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Sally Payne

I always felt at home in the libraries of my childhood. Twice per week after supper my mother drove my sister and me to a library. Early in the week we usually visited the main library which was housed in a fairytale-like limestone "castle"  bequeathed to the town by a wealthy lumberman, Later in the week we headed to a branch library of more modest demeanor but closer to home. Once our books from the previous week were safely deposited in the return box, we were free to roam the children's bookshelves in our best whisper-voices. My mother headed to the adult stacks to choose volumes for herself and  for my father who worked evenings.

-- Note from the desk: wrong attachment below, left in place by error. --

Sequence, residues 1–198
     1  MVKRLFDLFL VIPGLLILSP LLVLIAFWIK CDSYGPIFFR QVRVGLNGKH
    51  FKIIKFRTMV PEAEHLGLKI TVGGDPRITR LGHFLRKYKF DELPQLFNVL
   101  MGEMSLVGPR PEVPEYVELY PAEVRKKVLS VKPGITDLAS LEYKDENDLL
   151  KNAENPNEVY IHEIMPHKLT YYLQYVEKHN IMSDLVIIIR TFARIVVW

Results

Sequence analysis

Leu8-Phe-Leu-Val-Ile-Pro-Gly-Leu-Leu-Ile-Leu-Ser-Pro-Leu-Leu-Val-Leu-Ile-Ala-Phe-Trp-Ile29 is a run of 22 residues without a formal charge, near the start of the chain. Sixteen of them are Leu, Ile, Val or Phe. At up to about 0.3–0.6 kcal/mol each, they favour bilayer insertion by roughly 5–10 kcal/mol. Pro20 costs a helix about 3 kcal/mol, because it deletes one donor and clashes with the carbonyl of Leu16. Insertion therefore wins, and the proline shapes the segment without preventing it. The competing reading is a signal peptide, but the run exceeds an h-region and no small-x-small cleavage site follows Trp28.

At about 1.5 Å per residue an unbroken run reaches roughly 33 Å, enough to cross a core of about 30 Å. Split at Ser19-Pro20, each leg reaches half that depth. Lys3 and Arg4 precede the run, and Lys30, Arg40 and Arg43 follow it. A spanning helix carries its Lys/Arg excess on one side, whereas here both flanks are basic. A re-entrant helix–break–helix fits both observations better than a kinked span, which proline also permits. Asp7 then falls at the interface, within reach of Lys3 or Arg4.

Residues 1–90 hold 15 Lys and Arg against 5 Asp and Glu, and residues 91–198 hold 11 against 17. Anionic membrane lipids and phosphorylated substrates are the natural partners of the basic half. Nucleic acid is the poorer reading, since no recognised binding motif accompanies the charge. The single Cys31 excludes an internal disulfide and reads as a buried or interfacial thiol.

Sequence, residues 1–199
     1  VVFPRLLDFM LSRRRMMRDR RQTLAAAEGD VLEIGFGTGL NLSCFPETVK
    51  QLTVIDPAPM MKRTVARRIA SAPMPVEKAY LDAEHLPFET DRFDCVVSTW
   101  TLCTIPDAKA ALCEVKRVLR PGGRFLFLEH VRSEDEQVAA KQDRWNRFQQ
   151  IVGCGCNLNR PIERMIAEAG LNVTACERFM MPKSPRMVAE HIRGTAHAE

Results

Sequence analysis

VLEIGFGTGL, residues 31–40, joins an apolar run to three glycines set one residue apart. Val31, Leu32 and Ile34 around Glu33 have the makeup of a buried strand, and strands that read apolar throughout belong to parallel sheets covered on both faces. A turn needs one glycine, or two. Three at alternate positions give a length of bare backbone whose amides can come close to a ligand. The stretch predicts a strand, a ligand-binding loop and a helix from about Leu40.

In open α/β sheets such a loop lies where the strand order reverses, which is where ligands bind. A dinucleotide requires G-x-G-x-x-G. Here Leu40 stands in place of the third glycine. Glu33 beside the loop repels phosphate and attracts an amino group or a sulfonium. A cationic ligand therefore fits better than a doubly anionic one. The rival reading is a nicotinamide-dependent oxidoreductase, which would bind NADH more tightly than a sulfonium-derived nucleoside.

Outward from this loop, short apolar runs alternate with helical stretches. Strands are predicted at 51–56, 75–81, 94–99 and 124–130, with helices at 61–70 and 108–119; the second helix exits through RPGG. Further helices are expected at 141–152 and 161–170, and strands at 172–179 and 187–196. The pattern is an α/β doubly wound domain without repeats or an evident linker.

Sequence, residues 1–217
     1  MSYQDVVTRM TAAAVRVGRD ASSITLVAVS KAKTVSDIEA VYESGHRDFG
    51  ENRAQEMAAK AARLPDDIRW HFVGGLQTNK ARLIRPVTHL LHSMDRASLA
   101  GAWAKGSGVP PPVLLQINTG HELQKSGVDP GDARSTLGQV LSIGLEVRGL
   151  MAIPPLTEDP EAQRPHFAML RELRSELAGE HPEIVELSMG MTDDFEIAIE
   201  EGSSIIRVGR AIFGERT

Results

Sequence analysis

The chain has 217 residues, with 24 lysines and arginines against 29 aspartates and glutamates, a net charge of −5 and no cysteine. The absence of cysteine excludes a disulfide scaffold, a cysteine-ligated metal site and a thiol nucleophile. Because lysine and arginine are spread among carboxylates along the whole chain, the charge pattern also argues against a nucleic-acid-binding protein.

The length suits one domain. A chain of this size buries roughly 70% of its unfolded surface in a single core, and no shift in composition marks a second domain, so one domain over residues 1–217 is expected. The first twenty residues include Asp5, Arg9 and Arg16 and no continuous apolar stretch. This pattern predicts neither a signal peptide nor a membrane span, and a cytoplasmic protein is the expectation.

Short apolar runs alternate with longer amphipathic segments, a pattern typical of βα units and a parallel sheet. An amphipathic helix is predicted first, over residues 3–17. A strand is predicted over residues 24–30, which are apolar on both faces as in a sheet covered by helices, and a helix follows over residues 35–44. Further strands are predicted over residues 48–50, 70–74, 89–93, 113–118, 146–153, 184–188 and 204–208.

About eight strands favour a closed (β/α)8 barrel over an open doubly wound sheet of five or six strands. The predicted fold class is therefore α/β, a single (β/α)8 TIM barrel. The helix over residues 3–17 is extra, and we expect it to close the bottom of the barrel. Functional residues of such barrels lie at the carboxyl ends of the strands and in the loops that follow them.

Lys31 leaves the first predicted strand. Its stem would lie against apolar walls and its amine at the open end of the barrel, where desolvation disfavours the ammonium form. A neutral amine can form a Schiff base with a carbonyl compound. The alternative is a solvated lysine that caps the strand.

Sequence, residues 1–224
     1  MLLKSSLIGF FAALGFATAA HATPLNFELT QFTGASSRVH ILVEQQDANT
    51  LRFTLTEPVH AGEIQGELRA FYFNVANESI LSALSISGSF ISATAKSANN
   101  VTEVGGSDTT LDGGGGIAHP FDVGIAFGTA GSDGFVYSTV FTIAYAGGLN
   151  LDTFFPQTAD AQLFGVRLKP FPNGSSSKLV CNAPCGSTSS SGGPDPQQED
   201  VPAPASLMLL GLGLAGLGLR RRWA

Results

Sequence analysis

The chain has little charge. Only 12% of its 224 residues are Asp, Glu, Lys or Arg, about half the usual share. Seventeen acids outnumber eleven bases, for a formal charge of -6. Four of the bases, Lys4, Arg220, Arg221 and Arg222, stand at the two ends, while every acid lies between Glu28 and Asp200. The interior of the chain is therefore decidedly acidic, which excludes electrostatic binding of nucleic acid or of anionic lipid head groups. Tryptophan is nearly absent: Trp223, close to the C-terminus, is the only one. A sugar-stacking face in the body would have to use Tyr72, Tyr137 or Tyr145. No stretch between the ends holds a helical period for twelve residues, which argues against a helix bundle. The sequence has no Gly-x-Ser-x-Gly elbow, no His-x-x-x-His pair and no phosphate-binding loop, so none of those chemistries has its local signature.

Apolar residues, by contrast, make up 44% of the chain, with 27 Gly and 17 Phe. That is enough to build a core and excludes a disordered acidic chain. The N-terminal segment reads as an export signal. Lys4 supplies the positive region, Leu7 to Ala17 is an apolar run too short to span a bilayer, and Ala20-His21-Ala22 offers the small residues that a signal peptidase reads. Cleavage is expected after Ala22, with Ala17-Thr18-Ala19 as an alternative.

I remember our weekly visits always seemed like treasure hunts where the magic of reading could transport us anywhere in the universe and allowed us to experience anything that appealed to our imaginations. As a child, libraries represented a rich world of boundless possibilities. They still do.

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